Performance under pressure: Reluctant captains Kolisi and Murray go for glory in Lions series
South Africa’s Siya Kolisi and the British & Irish Lions’ Conor Murray, the two captains who will lead their teams out on to the field, will both be chasing victory in the upcoming Lions tour.
First published in the Daily Maverick 168 weekly newspaper.
Springbok captain Siya Kolisi and his British & Irish Lions counterpart Conor Murray have more in common than most people might think. For starters, neither man ever dreamt that they would lead their respective teams in a Test series that is, in many ways, bigger than a World Cup.
Both live by the philosophy that actions speak louder than words. Both believe that a captain is only as strong as his leadership group. Kolisi has grown into this role over the past three years, but he argues that his personal success cannot be separated from the team’s success, and that he’s always going to be a cog in a greater machine.
“Everyone who knows me will tell you that I’ve never seen myself as a captain,” Kolisi said in an interview earlier this year. Indeed, the boy from the poverty-stricken township of Zwide grew up with more modest ambitions.
Kolisi realised a lifelong dream when he won a professional contract with the Stormers in 2010. Two years later, he made his first Super Rugby appearance. In 2013, he made his Test debut against Scotland and turned in a man-of-the-match performance.
Captaincy, however, wasn’t on his radar.
Stormers stepping stone
That all changed in 2017 after regular Stormers skipper Juan de Jongh suffered a serious injury and Kolisi was asked to step up. At the time, he felt that he was ready for the responsibility and that his role as the captain aligned with his duties as a father of four.
When Rassie Erasmus took the reins as director of rugby in early 2018, rumours circulated regarding his preferred captain. When it was put to Kolisi that his name was on the shortlist, he expressed genuine surprise.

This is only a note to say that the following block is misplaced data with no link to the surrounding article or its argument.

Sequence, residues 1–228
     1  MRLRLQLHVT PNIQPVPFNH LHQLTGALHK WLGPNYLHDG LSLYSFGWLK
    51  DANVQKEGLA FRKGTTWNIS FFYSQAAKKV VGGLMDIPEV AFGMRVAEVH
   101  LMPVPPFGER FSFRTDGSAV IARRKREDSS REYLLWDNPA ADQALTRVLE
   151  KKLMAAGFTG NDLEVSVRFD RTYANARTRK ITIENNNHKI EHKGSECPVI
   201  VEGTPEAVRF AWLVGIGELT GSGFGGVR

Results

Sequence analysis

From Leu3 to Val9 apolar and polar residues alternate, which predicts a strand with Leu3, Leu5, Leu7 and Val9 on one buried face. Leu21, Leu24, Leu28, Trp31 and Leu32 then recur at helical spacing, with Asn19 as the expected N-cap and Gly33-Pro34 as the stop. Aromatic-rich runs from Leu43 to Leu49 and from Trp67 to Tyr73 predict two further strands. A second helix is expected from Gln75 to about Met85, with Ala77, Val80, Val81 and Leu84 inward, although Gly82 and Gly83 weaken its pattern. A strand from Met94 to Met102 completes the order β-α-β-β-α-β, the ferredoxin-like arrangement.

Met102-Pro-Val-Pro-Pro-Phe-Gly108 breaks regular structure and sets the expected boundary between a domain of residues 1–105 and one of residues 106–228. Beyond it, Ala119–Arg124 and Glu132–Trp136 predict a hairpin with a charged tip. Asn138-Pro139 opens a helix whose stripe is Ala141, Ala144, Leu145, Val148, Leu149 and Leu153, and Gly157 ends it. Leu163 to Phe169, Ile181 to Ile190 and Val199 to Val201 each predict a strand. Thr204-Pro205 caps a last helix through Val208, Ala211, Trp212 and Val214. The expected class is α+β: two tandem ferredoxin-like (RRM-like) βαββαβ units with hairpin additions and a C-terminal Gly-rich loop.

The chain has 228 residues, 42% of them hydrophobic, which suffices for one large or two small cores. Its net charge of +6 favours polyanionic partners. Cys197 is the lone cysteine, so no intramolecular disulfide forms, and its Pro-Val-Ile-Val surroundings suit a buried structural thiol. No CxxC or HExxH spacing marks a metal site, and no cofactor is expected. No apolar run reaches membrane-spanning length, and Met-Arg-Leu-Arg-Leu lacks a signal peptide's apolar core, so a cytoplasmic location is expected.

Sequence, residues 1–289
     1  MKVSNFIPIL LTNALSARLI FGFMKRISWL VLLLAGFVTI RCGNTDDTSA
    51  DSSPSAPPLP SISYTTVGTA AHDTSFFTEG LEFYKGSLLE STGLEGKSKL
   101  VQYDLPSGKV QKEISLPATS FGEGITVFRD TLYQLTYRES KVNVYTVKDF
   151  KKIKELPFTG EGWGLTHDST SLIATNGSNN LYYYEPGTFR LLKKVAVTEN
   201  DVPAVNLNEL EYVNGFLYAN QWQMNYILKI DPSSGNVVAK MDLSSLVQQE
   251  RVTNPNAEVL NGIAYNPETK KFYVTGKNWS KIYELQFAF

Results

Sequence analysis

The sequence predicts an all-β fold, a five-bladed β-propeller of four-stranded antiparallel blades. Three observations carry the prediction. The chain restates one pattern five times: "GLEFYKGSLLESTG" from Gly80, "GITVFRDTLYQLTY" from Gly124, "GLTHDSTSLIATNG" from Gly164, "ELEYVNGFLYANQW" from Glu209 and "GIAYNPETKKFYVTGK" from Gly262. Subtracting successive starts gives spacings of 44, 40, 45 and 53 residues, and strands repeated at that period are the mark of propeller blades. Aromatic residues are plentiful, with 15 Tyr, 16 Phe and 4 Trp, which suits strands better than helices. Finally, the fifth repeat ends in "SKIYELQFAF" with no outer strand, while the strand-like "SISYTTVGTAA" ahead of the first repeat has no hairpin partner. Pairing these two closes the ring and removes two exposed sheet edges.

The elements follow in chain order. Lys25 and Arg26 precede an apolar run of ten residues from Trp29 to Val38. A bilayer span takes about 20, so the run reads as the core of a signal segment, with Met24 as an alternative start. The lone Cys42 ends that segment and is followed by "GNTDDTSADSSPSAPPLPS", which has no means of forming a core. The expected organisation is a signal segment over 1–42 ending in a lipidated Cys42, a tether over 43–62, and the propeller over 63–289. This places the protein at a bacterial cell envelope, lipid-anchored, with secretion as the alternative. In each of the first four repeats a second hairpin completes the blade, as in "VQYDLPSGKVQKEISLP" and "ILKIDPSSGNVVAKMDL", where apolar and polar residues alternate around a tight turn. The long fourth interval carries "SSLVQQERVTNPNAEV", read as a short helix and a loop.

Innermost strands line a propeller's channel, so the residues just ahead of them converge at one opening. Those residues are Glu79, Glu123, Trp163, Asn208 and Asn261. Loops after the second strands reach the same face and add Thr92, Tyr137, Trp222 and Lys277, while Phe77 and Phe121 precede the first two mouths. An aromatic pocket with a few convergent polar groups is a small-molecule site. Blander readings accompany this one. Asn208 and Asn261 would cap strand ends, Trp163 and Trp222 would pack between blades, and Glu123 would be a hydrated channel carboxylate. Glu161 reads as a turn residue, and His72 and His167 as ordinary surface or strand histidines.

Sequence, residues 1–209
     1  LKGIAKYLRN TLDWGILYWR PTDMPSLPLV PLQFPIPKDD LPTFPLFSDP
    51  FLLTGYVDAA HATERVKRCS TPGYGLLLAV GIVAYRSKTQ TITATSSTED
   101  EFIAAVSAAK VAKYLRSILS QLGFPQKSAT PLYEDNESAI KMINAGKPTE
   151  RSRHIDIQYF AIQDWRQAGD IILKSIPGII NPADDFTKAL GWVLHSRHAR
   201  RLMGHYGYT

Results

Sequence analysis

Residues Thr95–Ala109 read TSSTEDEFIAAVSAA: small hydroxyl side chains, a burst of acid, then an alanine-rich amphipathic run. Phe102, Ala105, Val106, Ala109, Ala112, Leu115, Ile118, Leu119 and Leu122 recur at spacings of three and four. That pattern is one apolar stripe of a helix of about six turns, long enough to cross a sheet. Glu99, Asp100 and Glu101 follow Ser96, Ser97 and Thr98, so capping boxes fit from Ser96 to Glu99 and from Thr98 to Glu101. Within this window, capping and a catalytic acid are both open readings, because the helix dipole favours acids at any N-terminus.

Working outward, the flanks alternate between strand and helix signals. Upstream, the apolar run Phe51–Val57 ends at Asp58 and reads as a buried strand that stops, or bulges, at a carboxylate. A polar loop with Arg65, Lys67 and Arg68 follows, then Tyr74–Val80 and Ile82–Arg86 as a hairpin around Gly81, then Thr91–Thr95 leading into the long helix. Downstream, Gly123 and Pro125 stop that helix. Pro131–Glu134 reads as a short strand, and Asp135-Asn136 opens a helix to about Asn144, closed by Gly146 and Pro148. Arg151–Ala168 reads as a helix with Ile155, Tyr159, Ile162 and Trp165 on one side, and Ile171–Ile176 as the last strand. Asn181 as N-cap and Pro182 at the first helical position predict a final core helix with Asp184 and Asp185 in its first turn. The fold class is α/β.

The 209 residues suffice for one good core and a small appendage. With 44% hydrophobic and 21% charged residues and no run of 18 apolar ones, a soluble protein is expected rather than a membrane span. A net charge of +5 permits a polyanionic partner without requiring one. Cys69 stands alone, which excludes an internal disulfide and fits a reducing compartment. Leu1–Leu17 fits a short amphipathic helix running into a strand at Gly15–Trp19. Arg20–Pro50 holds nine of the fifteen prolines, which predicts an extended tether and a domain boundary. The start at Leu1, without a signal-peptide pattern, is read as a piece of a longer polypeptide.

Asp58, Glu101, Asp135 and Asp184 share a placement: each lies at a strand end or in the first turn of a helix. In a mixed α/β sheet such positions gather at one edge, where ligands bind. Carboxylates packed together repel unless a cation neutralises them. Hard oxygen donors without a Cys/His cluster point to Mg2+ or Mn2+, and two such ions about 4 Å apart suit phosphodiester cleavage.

He went out of his way to extol the virtues of frontrunners such as Duane Vermeulen and Handré Pollard. Although he was, by all accounts, doing an excellent job as the Stormers skipper, he still didn’t see himself as a potential Springbok captain.
Therefore, Kolisi may understand what Murray is going through at present. Murray has proven himself to be one of the world’s best players over the past decade, but he has never captained his country and has only led his club on a single occasion.
Murray’s road to the Lions captaincy
Compared with Kolisi, Murray enjoyed a very different beginning to his life and indeed his rugby career. After progressing through the ranks at the Garryowen club in Limerick, the scrumhalf started regularly for Irish giants Munster. He debuted for Ireland at the 2011 World Cup and went on to amass a total of 94 Test caps for his country and the Lions.
During that period, Murray won three Six Nations titles and was part of the Ireland team that recorded several historical firsts, including a ground-breaking win on SA soil as well as inaugural victory over the All Blacks (both in 2016).
He also featured in the Lions’ series win against Australia in 2013 and the drawn series against New Zealand in 2017 – a result that was viewed by many as a success, given the All Blacks’ dominance at home over a period of 10 years.
And yet, it’s fair to say that these experiences have not prepared him for the challenge that awaits.
Backline captain for the Lions
Lions captain Alun Wyn Jones sustained a serious shoulder injury in the recent warm-up game against Japan and did not travel with the squad to South Africa. Since the team’s arrival, many have questioned Warren Gatland’s decision to appoint Murray as a replacement, given the nature of a tour in this part of the world.
Jones is the man best suited to a challenge that will test the Lions’ physical and mental fortitude like never before. The 35-year-old lock has won 157 caps – more than any other player in history – and has a close relationship with Gatland, having worked with the coach for 11 years at Wales and on three previous tours with the Lions.
His ability to frustrate opponents and influence referees has been described by opposition players and coaches as a superpower. His teammates often speak about his physicality and determination as inspiring.
Gatland and the other Lions coaches have done their best to assure the public and the media that Murray is a worthy replacement. The fact remains that a Lions side without Jones in the engine room is far less imposing and that this particular team will take on a slightly different identity with a scrumhalf at the helm.
Ian McGeechan coached the Lions on the two previous tours to South Africa. On both occasions, he favoured a lock as his captain. Martin Johnson led the Lions to a 2-1 series victory in 1997, while Paul O’Connell was in charge when the Lions lost two of their three Tests in 2009. McGeechan felt that picking a second row forward as the captain sent the right message regarding the Lions’ intent in a physical battle with South Africa. He also believed that it gave the Lions a psychological advantage at the coin toss, where the Lions skipper would look down on his Springbok counterpart.